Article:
Ukip has reacted with fury after a Methodist-run centre cancelled its booking to hold a public meeting – just hours before it was to start.
The party said that the Skainos Centre on the Newtownards Road phoned it on Friday morning to tell the party that it could not use the facilities for a meeting about immigration.
Skainos did not respond to phone calls or emails from the News Letter.
Ukip’s Northern Ireland leader, David McNarry, told the News Letter that an employee at the Methodist-run centre told his office that she had been “instructed” by the centre’s board to cancel the booking because it does not allow political parties to use its facilities.
However, just last year the centre hosted the Green Party conference and a political speech by the then NI21 MLA John McCallister.
Mr McNarry said that the centre had been booked a month ago and that on Thursday Ukip staff had been there with Skainos staff, discussing the layout of the room and how much catering would be needed.
The meeting – which had Ukip MEP Steven Woolfe, the party’s immigration spokesman, as its main speaker – had to be moved at short notice to the Park Avenue Hotel in east Belfast.
The party denounced the decision as “a blatant attempt to stifle democratic expression of a legitimate national political party representing four million people across this country”.
On Friday afternoon, Mr McNarry and Mr Woolfe went to Skainos in an attempt to speak to staff about what had happened but Mr McNarry said that there was no one there to speak to them.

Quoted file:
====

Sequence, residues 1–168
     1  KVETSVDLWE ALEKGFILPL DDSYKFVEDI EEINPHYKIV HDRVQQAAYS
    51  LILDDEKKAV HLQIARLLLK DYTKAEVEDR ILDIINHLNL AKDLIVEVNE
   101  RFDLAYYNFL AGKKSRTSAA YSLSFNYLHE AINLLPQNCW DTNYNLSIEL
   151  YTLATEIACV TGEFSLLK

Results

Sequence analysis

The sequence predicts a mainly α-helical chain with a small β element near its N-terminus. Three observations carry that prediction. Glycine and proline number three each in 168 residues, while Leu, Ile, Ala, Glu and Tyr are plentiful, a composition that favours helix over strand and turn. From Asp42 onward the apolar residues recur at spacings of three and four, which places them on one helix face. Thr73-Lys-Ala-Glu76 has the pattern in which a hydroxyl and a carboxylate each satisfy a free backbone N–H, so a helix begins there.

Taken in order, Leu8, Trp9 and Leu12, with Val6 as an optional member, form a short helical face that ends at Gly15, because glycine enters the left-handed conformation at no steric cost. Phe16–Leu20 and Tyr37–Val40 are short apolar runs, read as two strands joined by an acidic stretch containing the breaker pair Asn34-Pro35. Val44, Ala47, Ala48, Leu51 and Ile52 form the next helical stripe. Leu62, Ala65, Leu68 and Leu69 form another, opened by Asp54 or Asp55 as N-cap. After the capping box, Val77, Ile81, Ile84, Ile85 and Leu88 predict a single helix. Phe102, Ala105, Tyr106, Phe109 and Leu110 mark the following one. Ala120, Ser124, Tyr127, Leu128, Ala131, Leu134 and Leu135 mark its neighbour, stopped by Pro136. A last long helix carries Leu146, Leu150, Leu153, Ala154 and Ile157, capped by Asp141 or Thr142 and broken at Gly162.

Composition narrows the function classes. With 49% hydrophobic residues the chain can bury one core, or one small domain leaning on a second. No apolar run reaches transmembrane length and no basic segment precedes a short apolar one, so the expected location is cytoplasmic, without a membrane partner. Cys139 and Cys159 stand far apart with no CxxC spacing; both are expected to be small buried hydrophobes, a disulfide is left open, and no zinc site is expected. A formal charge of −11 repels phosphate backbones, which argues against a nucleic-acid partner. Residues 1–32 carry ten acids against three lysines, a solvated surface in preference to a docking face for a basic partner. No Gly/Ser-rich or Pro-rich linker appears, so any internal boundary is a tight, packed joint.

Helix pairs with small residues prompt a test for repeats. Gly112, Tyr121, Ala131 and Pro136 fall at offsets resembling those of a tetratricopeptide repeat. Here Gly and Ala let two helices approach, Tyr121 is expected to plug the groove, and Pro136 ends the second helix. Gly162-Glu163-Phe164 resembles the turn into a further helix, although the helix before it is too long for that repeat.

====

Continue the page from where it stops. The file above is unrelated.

Mr McNarry said that Mr Woolfe — on his first visit to Northern Ireland — was “fuming”, particularly as the building was partly funded by the European Union and he is a Member of the European Parliament.
“We booked the building over a month ago and have been in constant contact with them,” he said.
“No later than yesterday [Thursday] at 3pm my staff were in Skainos with Skainos staff working out the seating arrangements. Skainos suggested we put the seats in a U-shape and we settled on the amount of tea, coffee and biscuits.”
He accused the centre of “shockingly unprofessional” behaviour and said it had been “most disrespectful” of Ukip.
It is not yet clear whether Ukip will legally challenge the decision — which appears similar to that taken by Ashers Bakery, which cancelled an order for a pro-gay marriage cake and was found to have broken equality laws — but Mr McNarry said that the centre “didn’t have a leg to stand on”.
He said that the party had been “discriminated against”, something which he said was “intolerable” and added that Skainos seemed to “not want a Ukipper about the place”.
Ukip’s estranged former Northern Ireland chairman, Henry Reilly, said that the Skainos decision was “apparently because of my performance on the Nolan TV Show on Wednesday night”, something he said “seems a bit unfair when I am not even part of Ukip now”.